Voice of San Diego recently asked all city attorney candidates to release a list of their past clients. Only one refused: Port Commissioner Rafael Castellanos.
But he has at least one relationship that’s already kept him from voting at the Port Commission, where he’s had a seat since 2013.
Castellanos has recused himself from at least 18 votes the commission took. In that time, all other commissioners combined recused themselves just six times.
Almost every time Castellanos stepped aside for a vote, it was because of one company: Sunroad Enterprises. Either he or someone else at his firm represents Sunroad.
It would be wrong, though, to assume Castellanos is shy about his connection to Sunroad or other developers. Despite taking flak from a rival Democrat, Castellanos is proud of his connection to the building industry and believes he should be an advocate for it as city attorney.
It’s not clear, however, how many issues he would have to recuse himself from if he wins the job of city attorney.
We Stand Up for You. Will You Stand Up for Us?
"Castellanos is proud of his connection to the building industry and believes he should be an advocate for it as city attorney." The City Attorney should not be an advocate for any business, interest, or party. The City Attorney should be providing unbiased (to the greatest degree possible) legal advice. If Mr. Castellanos really believes this, to the degree he is willing to state it openly, it would seem to me he is not an appropriate choice for this office. For that matter, it would seem like he is not a good choice for the Port Commission. We don't need activist city attorneys.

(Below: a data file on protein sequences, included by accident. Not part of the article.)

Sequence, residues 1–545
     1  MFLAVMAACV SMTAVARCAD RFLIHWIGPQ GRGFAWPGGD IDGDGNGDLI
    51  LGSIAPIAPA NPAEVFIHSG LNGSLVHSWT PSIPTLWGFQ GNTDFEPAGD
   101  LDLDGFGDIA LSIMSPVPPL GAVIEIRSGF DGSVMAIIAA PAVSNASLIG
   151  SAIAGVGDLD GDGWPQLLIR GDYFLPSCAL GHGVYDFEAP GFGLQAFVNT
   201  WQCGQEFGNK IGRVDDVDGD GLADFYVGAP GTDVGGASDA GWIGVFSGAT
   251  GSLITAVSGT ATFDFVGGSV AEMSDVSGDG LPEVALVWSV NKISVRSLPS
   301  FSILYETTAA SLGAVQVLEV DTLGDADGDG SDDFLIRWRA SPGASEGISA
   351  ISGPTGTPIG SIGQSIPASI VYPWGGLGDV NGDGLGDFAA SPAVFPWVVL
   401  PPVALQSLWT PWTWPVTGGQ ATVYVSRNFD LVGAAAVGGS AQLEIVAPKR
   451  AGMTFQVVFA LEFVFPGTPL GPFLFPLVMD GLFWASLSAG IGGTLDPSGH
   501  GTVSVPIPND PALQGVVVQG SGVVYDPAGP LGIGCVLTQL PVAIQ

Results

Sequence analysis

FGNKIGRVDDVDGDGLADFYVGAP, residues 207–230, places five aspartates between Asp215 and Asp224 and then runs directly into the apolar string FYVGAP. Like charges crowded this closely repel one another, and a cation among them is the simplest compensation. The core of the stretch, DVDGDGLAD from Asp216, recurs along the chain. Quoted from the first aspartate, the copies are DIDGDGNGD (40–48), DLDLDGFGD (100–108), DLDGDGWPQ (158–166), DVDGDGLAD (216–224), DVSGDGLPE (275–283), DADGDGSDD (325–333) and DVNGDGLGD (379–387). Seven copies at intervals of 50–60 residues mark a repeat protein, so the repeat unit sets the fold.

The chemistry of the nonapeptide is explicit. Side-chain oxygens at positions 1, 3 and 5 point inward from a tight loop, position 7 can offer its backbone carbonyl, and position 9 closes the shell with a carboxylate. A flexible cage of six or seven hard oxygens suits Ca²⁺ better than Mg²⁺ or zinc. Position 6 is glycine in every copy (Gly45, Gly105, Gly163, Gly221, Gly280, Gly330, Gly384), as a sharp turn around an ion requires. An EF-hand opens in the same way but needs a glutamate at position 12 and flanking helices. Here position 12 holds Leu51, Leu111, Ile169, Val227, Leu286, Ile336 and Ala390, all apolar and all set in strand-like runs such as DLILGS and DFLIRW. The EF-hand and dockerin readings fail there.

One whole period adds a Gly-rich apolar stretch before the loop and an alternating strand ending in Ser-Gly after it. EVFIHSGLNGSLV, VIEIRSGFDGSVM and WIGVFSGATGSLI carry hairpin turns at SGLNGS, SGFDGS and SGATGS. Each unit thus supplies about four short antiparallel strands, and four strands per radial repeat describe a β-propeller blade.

Rafael Castellanos is a nice guy, but I'm not sure that the city of San Diego needs a developers lawyer as its city attorney. Ditto for Hickey.
The blanket anti-developer sentiment makes it hard to distinguish between egregious behavior and anti-development people trying to make everything into as big of deal as possible.
The Mayor and city council have already adopted policies to incentivize responsible development. They're found in the building codes and, where present, in local Planned Development Ordinances. All developers, like most businesses, want to maximize profits. Sunroad is one of the most aggressive developers that push the envelope of what's allowed, and like many others,often pleads successfully for "interpretations" of these rules to their advantage. Their efforts are usually lubricated with generous help at election time, not only with contributions but in sponsoring fund raisers for candidates.
"Responsible development" is in the eye of the beholder. There are certainly a lot of NIMBYs in the general public, but the resistance to development in general is abetted by developer tactics the public finds unfair. The current example is redevelopment of the school property in Mission Beach.
Stricter language regarding voting recusal rules might be of benefit throughout the system. If, e.g., the public finds over half the city council recusing itself on votes, that's an attention-getter that will affect future elections.
Mr. Castellanos appears to be in a pickle with his advocacy for developers. His opponents will constantly remind the voters of this relationship and I'd be surprised if he gets past the June primary.